National Numeracy Network > Teaching Resources > Quantitative Writing > How to Use Quantitative Writing
Using quantitative writing (QW) effectively involves a variety of issues:

Jump down to:Designing Effective QW Assignments | Deciding on Assessment Criteria | Framing QW as a Process | Challenges of Teaching QW

Whether you are a long time user of quantitative writing assignments or a novice, the decision about how (or whether) to incorporate QW assignments into your course begins with the same question: How will they contribute to the course learning goals?
Getting Started

QW assignments shouldn't be added to a course for their own sake. Rather, they should only be added when they contribute to a course learning goal. Therefore, the first step in thinking about how to use quantitative writing is to explicitly identify your learning goals for the course (typically a short list of 5-8 statements). Learning goals state what a student earning a high grade should be able to do. They typically include an active verb following the phrase "students will be able to . . . ."

Here is an example from an economics course of a learning outcome that could be implemented using a quantitative writing assignment:
"Students will develop effective arguments on economic issues by asking appropriate economic questions, analyzing quantitative data, and using these data evidentially in ways appropriate to the discipline." (Dean Peterson, Associate Professor of Economics, Seattle University)

Once you have identified learning goals that lend themselves to quantitative writing, the next step is to design specific QW assignments.

Designing Effective QW Assignments

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The key to designing an effective Quantitative Writing (QW) assignment is planning carefully. What exactly do you want the students to accomplish? Spell this out on a handout or a web page. If you don't specify what you want, you can be sure that at least some students will not give it to you. For example, if you expect students to appeal to the data as evidence in their argument, then say so. Sometimes students don't think to do that.

Good design incorporates at least three steps:

Once you've identified your goals, you should consider how a QW assignment can support them. QW assignments shouldn't be "yet another thing" to cram on a syllabus, but rather a means of doing better what you are already trying to do. Is one learning goal more important than the others? Design the assignment so that students will spend their time on the portions that are most important to you.
Good topics for QW assignments immerse students in the analysis of quantitative data relevant to the subject matter of your course. Problems should be open-ended rather than asking for discrete answers. Problems can range from the simple to the very elaborate and can be used either for formal writing assignments or for short exploratory writing. Note that good topics for class discussion often work well as writing assignments. Refer to the examples in this module for specific ideas.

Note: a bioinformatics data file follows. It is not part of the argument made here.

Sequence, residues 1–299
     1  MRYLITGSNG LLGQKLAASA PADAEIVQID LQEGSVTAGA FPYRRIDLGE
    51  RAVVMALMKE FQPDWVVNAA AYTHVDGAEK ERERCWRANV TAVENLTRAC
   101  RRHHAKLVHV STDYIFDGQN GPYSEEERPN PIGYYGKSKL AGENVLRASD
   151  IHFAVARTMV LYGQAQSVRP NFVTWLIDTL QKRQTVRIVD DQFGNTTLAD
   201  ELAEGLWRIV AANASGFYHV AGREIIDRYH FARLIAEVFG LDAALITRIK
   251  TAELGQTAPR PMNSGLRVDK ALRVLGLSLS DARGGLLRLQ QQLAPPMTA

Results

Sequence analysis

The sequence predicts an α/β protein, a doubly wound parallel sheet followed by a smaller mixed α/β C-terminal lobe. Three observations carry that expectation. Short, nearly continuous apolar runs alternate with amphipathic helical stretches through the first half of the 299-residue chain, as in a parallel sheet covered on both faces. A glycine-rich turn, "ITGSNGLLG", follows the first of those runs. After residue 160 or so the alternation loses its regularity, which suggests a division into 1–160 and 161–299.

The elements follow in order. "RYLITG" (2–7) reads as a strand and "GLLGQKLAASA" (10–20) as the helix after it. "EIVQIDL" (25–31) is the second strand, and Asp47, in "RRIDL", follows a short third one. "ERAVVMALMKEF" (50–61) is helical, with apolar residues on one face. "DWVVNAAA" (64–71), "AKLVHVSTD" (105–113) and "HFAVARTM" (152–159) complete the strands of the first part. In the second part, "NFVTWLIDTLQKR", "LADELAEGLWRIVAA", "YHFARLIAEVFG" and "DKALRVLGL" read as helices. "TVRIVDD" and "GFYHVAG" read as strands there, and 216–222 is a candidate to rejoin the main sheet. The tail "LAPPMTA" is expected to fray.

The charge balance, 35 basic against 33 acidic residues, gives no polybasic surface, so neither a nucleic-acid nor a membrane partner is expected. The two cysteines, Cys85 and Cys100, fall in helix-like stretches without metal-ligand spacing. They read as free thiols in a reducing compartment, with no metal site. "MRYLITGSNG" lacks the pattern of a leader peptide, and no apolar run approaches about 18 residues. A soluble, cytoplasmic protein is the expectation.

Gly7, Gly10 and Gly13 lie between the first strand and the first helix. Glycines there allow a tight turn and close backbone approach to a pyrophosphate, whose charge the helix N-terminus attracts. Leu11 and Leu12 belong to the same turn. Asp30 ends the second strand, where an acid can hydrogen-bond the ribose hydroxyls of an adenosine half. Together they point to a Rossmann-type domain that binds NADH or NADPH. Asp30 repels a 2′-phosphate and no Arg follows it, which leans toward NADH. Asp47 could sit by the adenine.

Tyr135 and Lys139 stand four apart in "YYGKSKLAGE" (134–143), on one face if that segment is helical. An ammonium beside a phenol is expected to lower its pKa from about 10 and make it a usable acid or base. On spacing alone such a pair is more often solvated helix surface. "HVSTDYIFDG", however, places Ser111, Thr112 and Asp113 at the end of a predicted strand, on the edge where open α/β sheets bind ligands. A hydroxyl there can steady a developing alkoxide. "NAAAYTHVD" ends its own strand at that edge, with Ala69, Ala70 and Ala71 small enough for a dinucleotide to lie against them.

One way to create a good QW assignment is to base it on a compelling reading. Students can come to understand the real-life stakes underpinning the use of quantitative reasoning when they read persuasive works that interpret quantitative data in different ways or that otherwise use quantitative arguments to support alternative positions. Short books written by experts to lay audiences are often good examples of this type of reading.
Once you've decided on a topic, you'll need to choose an appropriate context for the assignment. Context includes several dimensions: What genre of writing assignment should be used? To whom should the writing be addressed? What should the author's purpose be in the assignment? For example, the purpose could be to persuade readers of a particular point of view. Note that 'purpose' here is a bit different than the instructor's goals of the assignment.

Deciding on Criteria for Assessment

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While you are designing the assignment, you should also decide on criteria for assessment. You should communicate those criteria to students on the assignment sheet. QW assignments ask students to explain in writing the answer to an analytical problem. Good assignments, however, go beyond asking a student to convert mathematics to words. Rather, they ask students to interpret the mathematical results.

Framing the Assignment as a Process

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Most principles of good writing apply to quantitative writing as well. Good writing should be viewed as a process rather than a product. Few writers can produce a finished copy in one draft; most writers require several drafts often making significant global changes between them as a result of discovering new ideas and of trying to meet the needs of readers for forecasting, clear topic sentences, headings, good transitions, and unified and coherent paragraphs. Here are some ways to encourage students to take their writing through multiple drafts:

Challenges in Using Quantitative Writing

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Flying Trapeze

When you begin incorporating Quantitative Writing into your courses, you may feel like you are 'flying without a net' but as the image to the right shows, there are some safety wires if you just know how to connect them. In this section, we discuss some common challenges when using QW, and how those challenges can be overcome, for example, by using common practices from colleagues in the Composition field.

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